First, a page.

I still remember a young man – a giant Marine who looked so strong that he could move mountains – getting up and crying unstoppably at the end of one of our yoga nidra practices, as years of deeply hidden traumatic experiences came to the surface of his awareness. I just walked over, and we hugged. No words, no explanations, but we’ve become best friends ever since. That, to me, is the power of yoga. It can peel back the layers of what we think makes us different from each other and unite us in wholeness as connected human beings.
I’ve shared the practice of yoga with veterans with the hope that in doing so they might not experience the suffering that my grandparents and family endured. In doing so, I have been able to release some of the generational trauma that my family has carried since the end of World War II. My connection with veterans has been the one of the most transformative experiences of my life, and I will always serve this population and the Vetoga organization in any way I can.
Tell us a little bit about the work you do. How do you bring the therapeutic benefits of yoga to people with limited access to this practice?
I primarily share yoga with veterans, first responders and at-risk youth. The common thread between these populations is that they live or work in a highly stressful environment and often experience trauma, complex trauma, and PTSD. For these populations, it may be difficult to access a consistent yoga practice. The barriers are multilayered. For some, the cost of a yoga class is beyond their means. For others, physical limitations and injuries may prevent them from going to a regular yoga class. And in some professions practicing yoga is still perceived as emasculating, too spiritual, or irrelevant for their overall performance.
I only teach on location – outside the walls of a traditional yoga studio, in an environment where my students already feel comfortable and at ease. I teach yoga to firefighters at the fire station, where we unroll our mats on the floor in the bays, surrounded by fire trucks, during working hours. This allows me to understand what they go through during their workday and adapt the practice to serve their needs. Our practice is often interrupted by an emergency call, and one team may hop on the fire engine or the ambulance to respond, then return back to their mats twenty minutes later to re-join the rest of the crew. Because crews respond to different kinds of emergency calls and may not have time to adequately rest and recover, energy levels shift often and are unevenly distributed within the group. It’s essential for me to understand these dynamics as a yoga teacher and hold a safe space for everyone to practice what they need the most.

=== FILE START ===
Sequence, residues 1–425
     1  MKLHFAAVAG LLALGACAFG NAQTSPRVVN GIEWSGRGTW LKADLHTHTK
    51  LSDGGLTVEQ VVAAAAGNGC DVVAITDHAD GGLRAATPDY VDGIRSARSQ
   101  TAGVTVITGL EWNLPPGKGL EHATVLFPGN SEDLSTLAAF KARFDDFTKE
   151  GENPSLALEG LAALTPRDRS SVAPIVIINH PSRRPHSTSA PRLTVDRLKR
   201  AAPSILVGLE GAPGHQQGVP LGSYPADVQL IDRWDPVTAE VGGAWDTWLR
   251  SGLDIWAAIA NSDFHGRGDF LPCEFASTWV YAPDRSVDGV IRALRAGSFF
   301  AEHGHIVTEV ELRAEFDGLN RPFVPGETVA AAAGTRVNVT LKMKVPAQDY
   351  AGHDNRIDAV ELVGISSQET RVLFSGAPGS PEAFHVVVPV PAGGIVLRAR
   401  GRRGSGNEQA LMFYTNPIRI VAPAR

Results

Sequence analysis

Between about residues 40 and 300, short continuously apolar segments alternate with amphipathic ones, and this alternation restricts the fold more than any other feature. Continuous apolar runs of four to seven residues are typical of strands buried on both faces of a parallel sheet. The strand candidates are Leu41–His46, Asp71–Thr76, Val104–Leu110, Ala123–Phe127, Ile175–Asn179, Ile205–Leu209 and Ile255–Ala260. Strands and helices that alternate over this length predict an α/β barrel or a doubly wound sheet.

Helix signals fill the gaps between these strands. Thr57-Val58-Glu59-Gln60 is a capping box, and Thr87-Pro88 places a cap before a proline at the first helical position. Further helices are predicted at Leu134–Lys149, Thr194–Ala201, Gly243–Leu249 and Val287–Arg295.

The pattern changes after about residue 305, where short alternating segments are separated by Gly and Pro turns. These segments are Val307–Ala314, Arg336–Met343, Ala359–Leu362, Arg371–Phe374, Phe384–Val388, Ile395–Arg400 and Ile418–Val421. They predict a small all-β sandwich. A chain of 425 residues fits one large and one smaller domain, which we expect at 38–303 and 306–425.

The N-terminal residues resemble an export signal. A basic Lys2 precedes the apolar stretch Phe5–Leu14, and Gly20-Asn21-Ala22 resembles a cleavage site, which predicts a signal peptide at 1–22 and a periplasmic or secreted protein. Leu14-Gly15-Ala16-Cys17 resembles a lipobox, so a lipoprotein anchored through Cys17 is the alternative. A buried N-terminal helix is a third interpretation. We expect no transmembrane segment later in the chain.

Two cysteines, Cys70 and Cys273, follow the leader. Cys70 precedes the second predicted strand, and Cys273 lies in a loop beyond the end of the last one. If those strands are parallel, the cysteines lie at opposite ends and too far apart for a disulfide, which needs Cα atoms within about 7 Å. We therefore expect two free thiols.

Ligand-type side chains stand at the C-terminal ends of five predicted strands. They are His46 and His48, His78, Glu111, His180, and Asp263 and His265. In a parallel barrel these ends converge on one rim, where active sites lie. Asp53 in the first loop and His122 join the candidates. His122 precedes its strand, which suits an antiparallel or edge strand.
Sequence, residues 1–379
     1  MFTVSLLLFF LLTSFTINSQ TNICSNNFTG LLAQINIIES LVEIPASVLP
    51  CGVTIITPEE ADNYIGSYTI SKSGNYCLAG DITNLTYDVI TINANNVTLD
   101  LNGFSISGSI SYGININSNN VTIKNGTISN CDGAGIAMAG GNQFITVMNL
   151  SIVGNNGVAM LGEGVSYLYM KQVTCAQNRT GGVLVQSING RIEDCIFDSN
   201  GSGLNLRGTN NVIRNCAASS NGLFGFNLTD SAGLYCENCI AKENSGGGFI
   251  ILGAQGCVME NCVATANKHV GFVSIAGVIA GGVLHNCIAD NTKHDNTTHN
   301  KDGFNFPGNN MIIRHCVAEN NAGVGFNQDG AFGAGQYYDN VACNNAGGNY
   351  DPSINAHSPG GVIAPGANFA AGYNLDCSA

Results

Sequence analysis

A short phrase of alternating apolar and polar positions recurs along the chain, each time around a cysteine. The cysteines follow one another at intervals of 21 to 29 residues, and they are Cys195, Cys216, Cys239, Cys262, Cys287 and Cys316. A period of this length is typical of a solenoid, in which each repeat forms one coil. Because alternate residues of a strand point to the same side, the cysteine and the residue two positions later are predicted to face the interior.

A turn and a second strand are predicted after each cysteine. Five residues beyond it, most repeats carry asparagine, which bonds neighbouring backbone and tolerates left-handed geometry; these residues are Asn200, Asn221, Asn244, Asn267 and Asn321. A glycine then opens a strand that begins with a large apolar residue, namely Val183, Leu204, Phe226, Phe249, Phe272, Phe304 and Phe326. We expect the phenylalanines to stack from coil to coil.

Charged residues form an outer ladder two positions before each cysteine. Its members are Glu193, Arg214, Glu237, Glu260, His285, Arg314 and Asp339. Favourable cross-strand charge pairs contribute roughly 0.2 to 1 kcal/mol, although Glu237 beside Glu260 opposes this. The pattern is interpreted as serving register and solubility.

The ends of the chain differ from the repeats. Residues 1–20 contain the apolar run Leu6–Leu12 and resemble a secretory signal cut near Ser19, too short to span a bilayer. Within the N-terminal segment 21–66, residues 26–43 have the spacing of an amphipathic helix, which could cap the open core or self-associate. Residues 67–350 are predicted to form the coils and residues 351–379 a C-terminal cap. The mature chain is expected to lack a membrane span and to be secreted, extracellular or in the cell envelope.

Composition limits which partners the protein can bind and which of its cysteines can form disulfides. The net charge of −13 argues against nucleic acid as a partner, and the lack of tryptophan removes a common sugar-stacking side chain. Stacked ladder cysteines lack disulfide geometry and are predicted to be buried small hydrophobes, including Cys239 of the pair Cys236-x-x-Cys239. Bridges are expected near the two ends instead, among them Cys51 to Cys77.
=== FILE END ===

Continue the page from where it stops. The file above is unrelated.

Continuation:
When I share yoga with youth, I am aware as I enter their environment of the existing social dynamics, their sense of safety with me and one another, and their disposition towards yoga that day. I choose my language, tone of voice, body movement, and cueing very carefully to meet them where they are and ensure each student feels safe on the mat. We don’t take ourselves too seriously, and laughter always helps a lot too.